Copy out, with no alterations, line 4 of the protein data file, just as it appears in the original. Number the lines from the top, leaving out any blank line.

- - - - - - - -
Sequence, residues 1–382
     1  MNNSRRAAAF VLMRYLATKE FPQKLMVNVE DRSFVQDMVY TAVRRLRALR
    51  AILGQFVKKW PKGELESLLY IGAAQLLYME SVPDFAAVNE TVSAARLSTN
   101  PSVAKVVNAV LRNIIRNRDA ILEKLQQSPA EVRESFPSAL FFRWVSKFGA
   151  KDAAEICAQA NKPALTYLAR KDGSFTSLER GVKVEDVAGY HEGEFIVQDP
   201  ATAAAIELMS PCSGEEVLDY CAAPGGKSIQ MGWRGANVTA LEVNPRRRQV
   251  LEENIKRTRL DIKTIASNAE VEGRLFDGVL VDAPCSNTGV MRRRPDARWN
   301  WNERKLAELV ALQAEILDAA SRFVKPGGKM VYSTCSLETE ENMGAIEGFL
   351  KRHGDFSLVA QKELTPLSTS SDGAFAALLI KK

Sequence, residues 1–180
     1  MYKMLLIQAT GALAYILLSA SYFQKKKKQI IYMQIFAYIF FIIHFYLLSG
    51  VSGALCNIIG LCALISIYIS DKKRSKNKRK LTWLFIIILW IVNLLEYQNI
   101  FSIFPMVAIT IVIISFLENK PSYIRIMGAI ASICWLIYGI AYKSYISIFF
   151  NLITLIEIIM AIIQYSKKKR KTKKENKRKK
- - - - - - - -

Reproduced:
   101  PSVAKVVNAV LRNIIRNRDA ILEKLQQSPA EVRESFPSAL FFRWVSKFGA